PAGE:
Tropical precipitation extremes: Response to SST-induced warming in aquaplanet simulations
Scaling of tropical precipitation extremes in response to warming is studied in aquaplanet experiments using the global Weather Research and Forecasting (WRF) model. We show how the scaling of precipitation extremes is highly sensitive to spatial and temporal averaging: while instantaneous grid point extreme precipitation scales more strongly than the percentage increase (∼7% K^(−1)) predicted by the Clausius‐Clapeyron (CC) relationship, extremes for zonally and temporally averaged precipitation follow a slight sub‐CC scaling, in agreement with results from Climate Model Intercomparison Project (CMIP) models. The scaling depends crucially on the employed convection parameterization. This is particularly true when grid point instantaneous extremes are considered. These results highlight how understanding the response of precipitation extremes to warming requires consideration of dynamic changes in addition to the thermodynamic response. Changes in grid‐scale precipitation, unlike those in convective‐scale precipitation, scale linearly with the resolved flow. Hence, dynamic changes include changes in both large‐scale and convective‐scale motions.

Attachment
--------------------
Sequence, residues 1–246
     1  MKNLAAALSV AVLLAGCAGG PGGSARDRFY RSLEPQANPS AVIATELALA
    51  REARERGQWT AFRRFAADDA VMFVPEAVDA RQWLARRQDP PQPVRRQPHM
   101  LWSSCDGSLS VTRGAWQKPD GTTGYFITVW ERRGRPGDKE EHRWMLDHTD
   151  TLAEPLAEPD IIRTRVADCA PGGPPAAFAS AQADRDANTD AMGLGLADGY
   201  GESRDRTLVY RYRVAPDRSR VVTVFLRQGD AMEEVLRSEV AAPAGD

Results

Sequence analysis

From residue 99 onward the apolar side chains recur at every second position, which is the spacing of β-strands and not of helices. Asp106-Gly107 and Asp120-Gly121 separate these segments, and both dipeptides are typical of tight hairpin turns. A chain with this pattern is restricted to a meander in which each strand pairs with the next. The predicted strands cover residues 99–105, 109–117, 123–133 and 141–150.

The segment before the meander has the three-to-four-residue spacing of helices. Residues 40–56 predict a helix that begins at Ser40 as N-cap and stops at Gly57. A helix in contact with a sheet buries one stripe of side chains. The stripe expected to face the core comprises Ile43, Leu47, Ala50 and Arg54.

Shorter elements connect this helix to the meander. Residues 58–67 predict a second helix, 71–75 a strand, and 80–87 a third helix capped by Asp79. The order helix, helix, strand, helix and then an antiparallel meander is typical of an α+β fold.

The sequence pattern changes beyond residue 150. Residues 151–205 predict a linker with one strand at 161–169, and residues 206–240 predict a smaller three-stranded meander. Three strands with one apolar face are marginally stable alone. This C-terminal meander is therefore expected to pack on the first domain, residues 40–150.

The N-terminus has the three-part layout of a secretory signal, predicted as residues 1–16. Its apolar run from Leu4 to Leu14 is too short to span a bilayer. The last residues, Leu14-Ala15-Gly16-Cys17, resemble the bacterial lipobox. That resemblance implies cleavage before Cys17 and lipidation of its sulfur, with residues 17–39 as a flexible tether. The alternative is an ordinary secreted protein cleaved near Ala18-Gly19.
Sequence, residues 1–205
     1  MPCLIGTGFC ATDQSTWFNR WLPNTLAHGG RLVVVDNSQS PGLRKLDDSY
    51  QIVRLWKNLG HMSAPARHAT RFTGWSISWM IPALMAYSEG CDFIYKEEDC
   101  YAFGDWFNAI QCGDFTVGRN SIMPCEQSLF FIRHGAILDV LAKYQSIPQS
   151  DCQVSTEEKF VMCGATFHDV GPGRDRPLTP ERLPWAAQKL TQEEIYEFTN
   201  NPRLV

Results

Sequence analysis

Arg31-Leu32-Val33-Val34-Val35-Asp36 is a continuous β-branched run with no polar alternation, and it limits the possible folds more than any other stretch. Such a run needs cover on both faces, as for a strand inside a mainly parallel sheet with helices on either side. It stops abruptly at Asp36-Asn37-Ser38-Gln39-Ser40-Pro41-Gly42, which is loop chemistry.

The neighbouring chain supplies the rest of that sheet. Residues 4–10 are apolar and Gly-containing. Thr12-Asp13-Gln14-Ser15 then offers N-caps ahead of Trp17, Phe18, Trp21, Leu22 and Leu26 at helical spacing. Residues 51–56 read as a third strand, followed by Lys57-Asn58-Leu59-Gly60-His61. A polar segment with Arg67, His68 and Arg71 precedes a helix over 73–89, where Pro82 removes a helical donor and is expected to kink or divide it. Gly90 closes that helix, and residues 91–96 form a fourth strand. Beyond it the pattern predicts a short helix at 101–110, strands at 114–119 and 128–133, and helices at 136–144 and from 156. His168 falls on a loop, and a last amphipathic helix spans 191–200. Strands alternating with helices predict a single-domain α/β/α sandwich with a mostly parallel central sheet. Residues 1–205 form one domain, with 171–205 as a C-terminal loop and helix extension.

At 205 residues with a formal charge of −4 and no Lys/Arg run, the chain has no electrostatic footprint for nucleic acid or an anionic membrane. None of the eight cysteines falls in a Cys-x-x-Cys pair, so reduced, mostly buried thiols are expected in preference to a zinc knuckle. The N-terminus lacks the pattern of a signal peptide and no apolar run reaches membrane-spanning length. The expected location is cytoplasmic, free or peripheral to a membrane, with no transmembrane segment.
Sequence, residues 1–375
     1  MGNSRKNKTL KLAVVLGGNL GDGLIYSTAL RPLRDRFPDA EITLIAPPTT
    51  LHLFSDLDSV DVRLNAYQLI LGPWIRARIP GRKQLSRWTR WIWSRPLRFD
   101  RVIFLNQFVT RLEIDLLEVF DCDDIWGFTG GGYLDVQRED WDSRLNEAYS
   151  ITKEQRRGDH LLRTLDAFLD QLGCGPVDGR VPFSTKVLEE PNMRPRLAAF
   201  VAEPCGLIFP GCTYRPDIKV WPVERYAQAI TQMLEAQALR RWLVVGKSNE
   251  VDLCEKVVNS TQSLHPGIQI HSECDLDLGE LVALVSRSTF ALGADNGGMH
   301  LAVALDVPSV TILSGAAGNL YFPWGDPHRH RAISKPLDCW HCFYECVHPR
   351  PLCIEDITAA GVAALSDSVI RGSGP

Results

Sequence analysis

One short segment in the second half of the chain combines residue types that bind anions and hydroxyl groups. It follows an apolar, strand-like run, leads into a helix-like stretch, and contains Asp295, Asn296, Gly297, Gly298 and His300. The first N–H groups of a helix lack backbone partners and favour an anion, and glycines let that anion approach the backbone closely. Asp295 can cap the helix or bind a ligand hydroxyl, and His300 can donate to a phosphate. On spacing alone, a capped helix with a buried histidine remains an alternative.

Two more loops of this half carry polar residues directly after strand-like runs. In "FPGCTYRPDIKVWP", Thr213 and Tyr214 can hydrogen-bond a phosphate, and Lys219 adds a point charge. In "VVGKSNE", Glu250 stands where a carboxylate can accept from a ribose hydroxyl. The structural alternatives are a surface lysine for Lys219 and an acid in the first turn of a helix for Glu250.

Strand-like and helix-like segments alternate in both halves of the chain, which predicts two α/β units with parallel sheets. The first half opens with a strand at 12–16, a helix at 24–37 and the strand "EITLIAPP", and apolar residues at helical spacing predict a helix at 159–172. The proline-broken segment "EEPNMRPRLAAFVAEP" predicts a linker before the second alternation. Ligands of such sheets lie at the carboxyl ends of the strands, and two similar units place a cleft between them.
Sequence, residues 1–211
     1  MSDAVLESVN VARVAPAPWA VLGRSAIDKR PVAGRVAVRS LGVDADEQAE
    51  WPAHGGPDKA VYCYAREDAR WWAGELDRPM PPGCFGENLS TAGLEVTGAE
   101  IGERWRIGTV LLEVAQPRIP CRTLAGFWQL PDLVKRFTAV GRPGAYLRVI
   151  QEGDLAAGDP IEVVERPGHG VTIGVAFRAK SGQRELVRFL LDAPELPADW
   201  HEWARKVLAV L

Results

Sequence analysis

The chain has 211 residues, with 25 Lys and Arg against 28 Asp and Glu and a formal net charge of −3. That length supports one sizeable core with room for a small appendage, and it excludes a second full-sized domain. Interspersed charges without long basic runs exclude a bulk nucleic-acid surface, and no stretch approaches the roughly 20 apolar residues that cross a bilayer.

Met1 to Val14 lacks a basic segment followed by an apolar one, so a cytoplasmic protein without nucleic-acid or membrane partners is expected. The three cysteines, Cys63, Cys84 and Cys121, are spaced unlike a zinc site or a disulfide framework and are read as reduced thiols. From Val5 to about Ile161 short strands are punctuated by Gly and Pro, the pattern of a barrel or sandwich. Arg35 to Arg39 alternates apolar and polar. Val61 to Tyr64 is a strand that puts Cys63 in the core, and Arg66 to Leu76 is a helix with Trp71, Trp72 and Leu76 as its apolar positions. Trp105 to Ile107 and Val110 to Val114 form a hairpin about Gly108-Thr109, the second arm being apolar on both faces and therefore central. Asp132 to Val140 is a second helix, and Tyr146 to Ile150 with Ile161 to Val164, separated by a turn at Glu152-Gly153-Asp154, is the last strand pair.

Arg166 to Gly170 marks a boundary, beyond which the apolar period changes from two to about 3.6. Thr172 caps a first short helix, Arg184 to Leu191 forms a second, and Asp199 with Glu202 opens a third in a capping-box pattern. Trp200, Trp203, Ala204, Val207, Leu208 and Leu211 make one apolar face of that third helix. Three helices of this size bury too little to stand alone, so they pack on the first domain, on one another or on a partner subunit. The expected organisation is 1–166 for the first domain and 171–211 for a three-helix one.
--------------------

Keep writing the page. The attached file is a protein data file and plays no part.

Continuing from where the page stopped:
Additional Information© 2017 American Geophysical Union. Received 27 FEB 2017; Accepted 20 MAR 2017; Accepted article online 27 MAR 2017; Published online 14 APR 2017. This work was supported by the Caltech President's and Director's Fund program. Thanks to Kay Sušelj for discussions and helpful suggestions regarding the WRF model. The source code for the model used in this study, the WRF V 3.5.1, is freely available at http://www2.mmm.ucar.edu/wrf/users/download/. The input files necessary to reproduce the experiments with WRF as well as the relevant model output are available from the corresponding author upon request (firstname.lastname@example.org).
Supplemental Material - grl55703-sup-0001-supplementary.pdf